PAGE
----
The Taste of Crow: Facebook’s Incredible Profitability Surge
Like many marketing professionals, I was highly skeptical when Facebook (FB) did its Initial Public Offering about a year ago. The actual IPO turned out to be somewhat of a comedy of errors when trading glitches soured the IPO process.
My feeling, as well as many others’, was that although Facebook attracted huge numbers of participants, there was no clear-cut business model that would lead to sustainable profits and earnings. How wrong one can be!
The recent earnings report from the social networking giant were not just adequate, or even promising—they were outstanding. The day the earnings report was issued, stock shares gained 20% in after-hours trading. The company reported continued gains in its user base—17.3%—although at more realistic levels than the frenetic pace of its pre-IPO days.
While many start-ups don’t see anything resembling profits in their early days as public companies, Facebook reported a second-quarter profit of $333 million. That translates to 13 cents a share compared with a first-quarter loss of $157 million (8 cents per share).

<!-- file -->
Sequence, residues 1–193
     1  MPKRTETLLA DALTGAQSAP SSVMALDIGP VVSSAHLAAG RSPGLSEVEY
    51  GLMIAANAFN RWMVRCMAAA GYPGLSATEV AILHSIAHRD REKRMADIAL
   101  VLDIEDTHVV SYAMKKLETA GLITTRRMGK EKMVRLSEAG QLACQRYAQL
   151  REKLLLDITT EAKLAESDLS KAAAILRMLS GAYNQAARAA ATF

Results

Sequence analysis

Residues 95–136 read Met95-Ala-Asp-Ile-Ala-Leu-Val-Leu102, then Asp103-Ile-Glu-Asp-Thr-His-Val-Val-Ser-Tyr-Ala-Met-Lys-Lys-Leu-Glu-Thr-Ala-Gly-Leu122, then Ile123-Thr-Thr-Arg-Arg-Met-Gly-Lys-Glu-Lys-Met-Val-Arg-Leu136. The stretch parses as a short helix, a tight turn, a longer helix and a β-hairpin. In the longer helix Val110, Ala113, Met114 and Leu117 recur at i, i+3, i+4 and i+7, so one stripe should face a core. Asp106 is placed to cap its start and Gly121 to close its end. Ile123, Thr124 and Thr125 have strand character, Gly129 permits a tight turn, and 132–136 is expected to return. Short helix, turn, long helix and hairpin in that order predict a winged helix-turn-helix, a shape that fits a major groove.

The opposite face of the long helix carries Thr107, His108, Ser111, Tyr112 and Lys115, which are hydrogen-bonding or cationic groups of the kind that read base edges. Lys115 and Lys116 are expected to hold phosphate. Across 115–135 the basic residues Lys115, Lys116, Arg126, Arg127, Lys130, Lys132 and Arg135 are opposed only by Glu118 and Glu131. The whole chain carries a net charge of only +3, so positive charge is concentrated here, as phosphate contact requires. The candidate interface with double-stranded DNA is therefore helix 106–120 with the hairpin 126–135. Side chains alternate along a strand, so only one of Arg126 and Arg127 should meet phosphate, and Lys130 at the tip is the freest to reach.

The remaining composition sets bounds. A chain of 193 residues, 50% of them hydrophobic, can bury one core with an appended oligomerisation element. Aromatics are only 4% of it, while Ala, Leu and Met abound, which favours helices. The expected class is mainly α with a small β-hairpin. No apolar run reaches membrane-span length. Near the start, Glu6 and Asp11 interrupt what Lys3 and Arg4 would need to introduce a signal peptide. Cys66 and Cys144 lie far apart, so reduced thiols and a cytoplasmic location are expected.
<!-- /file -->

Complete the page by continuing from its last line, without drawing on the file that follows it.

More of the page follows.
Revenues rose to $1.81 billion in the second quarter compared with $1.12 billion in the first quarter. Any way you look at it, Facebook’s pay day has arrived and Mark Zuckerberg is a big-time player.
More significantly, Facebook is developing a viable business model. Online advertising is proving to be a sustainable revenue stream. In fact, its mobile-ad revenue now makes up 41% of total advertising revenue, compared to 30% in the first quarter. In a statement, which reads more like an understatement, Zuckerberg told shareholders: “We’ve made good progress in growing our community, deepening engagement, and delivering strong financial results, especially on mobile.”
Such a statement is not typical of a twenty-something start-up entrepreneur. It sounds like an intelligent, serious and experienced businessman.
The earnings report is a validation of Facebook. No longer a fad, this company now has the potential to expand and grow through offering new products to its enormous and loyal user base. It is no longer just a personal gossip mechanism but a proven way to deliver advertising messages to customers. When Facebook starts segmenting its user base, it will have both the data and the marketing clout to open wide opportunities to hone in on specific target markets with poignant and relevant advertising messages.
As a skeptic, I, personally, marvel at Mark Zuckerberg’s vision and his ability to implement this vision. This is why I am eating crow.